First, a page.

The Oratory of All Souls, Sandham Memorial Chapel, to give the building its full title reflects the spirit of our great twentieth century painter, Sir Stanley Spencer. It is unique in Britain, being a chapel whose interior walls are completely covered in paintings. Undoubted inspired by the Arena Chapel, in Padua, which was frescoed by Giotto in the fourteenth century, Spencer’s wall paintings are painted on canvas to suit our climate. And, like the Arena Chapel, the Sandham Chapel’s exterior is underwhelming in comparison to the interiors, set in red brick.
Stanley Spencer was laid low with malaria in Salonica in 1918 and wrote to his sister, Florence, “when I come home I am going to build a church…if I do not do this on Earth, I will do so in Heaven.” The main benefactors for Spencer’s project were John Louis and Mary Brehend, art collectors who already owned works by early twentieth British Masters such as Paul Nash and Augustus John. The chapel is dedicated to Lt. Harry Sandham but apart from a small plaque on the door in his memory, the concept more fully commemorates the genius and energy of Stanley Spencer. His only disappointment was that the building is in Burghclere in Hampshire, the home of the Brehends – he wanted the the chapel to be in his beloved Cookham.
The series of wall paintings follow no particular narrative but are presented in Spencer’s characteristic realism depicting ordinary people carrying out ordinary activities. The lower register depict scenes from the Beaufort Hospital in Bristol, where Spencer’s initial war service took place as an orderly. The eight scenes, such as Arrival of the Wounded, Scrubbing the Floor, Sorting the Laundry and Filling the Tea Urns represent the menial tasks at the hospital.
The middle register concentrate on soldiers in the Salonica Campaign, the long running battle between the Bulgarian Army and the French & English troops, to control the eastern access to the European War. These scenes include The Dug Out (or Stand-To, Reveille, and Map Reading. The Upper register show two large campaign paintings the full length of the roof: The Camp at Karasali on the north wall and Riverbed at Todorovo on the south wall.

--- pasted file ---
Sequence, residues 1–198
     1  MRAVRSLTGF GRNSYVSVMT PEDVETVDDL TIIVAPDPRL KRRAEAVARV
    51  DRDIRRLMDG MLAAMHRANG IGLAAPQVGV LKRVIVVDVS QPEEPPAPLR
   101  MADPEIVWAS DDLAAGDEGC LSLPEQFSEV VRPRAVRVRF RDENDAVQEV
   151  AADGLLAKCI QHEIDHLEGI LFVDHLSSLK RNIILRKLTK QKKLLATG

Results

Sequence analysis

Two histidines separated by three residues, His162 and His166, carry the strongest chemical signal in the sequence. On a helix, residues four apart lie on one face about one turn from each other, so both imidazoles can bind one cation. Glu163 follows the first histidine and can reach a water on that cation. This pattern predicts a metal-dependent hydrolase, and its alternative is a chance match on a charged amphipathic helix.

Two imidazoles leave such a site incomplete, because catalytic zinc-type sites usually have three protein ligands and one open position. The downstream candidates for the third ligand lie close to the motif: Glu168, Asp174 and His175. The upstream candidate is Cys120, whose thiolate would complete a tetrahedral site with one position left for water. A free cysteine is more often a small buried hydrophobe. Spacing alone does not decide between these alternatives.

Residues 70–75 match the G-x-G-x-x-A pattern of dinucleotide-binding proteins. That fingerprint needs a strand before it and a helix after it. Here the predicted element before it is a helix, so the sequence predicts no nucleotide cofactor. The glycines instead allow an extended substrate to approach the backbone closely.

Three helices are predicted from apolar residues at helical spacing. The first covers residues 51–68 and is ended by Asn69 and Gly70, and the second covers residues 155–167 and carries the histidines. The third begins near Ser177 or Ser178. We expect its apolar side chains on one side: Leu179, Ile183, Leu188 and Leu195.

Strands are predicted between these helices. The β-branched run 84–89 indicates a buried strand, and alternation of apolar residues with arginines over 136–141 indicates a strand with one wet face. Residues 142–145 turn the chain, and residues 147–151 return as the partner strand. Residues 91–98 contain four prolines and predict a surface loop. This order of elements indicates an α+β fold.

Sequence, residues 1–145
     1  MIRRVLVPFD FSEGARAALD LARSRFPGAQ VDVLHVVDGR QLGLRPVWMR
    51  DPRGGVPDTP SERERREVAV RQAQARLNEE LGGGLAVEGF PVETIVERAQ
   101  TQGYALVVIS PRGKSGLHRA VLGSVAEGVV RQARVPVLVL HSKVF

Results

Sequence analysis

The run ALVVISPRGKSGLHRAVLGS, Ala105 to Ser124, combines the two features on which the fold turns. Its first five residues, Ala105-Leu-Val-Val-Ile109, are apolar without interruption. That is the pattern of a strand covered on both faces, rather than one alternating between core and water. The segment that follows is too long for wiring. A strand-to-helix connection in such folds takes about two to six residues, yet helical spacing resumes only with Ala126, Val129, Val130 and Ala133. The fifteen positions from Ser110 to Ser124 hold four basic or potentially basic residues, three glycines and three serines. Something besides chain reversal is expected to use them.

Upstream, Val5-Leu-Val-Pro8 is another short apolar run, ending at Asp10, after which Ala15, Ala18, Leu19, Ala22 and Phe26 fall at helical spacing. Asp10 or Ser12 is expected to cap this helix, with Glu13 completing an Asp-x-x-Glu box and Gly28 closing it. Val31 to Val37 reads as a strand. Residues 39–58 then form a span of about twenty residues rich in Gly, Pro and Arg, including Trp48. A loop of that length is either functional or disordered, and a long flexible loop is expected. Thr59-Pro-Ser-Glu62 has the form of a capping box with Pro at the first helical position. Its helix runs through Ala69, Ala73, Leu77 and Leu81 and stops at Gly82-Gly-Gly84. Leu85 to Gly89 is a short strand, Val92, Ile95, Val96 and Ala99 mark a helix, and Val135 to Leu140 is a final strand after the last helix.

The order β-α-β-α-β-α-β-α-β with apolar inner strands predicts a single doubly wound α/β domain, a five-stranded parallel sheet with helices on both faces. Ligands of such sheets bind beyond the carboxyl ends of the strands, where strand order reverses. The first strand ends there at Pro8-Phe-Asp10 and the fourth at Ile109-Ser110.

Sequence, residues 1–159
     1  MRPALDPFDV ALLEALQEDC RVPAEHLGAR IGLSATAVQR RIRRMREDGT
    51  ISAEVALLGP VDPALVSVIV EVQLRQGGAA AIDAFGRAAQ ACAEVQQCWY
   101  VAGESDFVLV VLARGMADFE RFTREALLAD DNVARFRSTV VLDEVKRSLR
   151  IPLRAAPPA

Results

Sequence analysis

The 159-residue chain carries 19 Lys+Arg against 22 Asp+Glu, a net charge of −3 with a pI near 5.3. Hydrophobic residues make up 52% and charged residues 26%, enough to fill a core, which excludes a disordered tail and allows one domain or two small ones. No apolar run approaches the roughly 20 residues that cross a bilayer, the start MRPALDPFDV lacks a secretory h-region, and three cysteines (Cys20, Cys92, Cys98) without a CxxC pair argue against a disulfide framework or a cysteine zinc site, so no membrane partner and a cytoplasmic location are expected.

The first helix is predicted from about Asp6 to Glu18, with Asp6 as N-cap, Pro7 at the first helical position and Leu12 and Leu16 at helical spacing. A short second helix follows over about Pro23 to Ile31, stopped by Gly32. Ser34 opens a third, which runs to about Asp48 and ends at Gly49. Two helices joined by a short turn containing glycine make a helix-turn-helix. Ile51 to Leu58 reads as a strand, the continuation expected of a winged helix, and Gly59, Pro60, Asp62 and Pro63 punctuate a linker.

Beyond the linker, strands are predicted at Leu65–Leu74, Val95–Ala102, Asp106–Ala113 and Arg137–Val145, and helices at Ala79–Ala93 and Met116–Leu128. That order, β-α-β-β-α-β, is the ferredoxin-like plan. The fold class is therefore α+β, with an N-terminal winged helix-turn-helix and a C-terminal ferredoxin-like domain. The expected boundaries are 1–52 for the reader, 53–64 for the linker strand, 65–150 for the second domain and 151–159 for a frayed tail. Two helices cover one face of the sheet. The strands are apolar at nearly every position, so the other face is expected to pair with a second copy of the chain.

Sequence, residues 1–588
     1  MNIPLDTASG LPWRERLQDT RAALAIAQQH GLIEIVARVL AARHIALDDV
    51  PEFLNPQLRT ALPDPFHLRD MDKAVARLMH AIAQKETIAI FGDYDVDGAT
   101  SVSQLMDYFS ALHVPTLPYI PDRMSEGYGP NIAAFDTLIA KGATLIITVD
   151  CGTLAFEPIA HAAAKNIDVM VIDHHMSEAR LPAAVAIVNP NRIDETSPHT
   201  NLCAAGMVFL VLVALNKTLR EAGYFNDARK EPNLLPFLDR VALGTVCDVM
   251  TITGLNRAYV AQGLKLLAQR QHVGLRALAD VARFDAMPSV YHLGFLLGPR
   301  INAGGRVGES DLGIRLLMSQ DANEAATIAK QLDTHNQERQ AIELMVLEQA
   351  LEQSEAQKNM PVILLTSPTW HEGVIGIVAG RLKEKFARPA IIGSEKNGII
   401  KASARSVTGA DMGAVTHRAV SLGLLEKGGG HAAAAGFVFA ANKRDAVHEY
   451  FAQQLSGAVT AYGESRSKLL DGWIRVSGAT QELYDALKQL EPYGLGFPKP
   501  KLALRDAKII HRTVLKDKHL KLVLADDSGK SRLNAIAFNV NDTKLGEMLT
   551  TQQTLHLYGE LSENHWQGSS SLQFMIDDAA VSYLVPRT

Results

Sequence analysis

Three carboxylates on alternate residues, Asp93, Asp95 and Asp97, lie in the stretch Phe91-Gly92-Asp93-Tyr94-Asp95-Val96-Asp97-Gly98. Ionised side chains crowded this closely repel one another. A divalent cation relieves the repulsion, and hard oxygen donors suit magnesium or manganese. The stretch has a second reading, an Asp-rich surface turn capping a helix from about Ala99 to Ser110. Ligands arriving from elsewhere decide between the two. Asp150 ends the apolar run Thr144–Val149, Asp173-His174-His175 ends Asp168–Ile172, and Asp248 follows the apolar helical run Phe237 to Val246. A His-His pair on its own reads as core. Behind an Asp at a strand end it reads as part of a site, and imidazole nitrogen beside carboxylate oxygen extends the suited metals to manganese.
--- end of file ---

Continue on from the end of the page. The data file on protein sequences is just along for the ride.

Spencer’s masterpiece, though, is undoubtedly The Resurrection of the Soldiers filling the full height of the east wall above the altar. It dominates the chapel with its matrix of white crosses. It is an awesome image of war, with the centrepiece being two dead mules, still harnessed. Dead soldiers are coming out of the ground to take the crosses to Christ, unusually, depicted in the background as quite a small figure. The painting according to Spencer, is ‘a sort of portrait gallery formed by soldiers coming out of the ground and the crosses arranged so as to look like frames. The soldiers emerge from their graves through a tangle of crosses, shaking hands with their resurrected comrades, cleaning buttons…’
We have been meaning to visit the gallery for many years and finally managed to see it a few days ago. It is an awe inspiring and peaceful, thoughtful memorial, both outside, and especially inside. Spencer was undoubtedly a great artist but in this work his emotions, bravery and determination are revealed. The Chapel is run by the National Trust and is open from Thursdays to Sundays and Bank Holiday Mondays.
2 Comments Add yours
This is a must see place I loved the paintings and the atmosphere in the chapel is so peaceful and thought provoking
I was not a fan of Stanley Spencer but this has completely changed my mind
Always great when an artist introduces themself to a new admirer!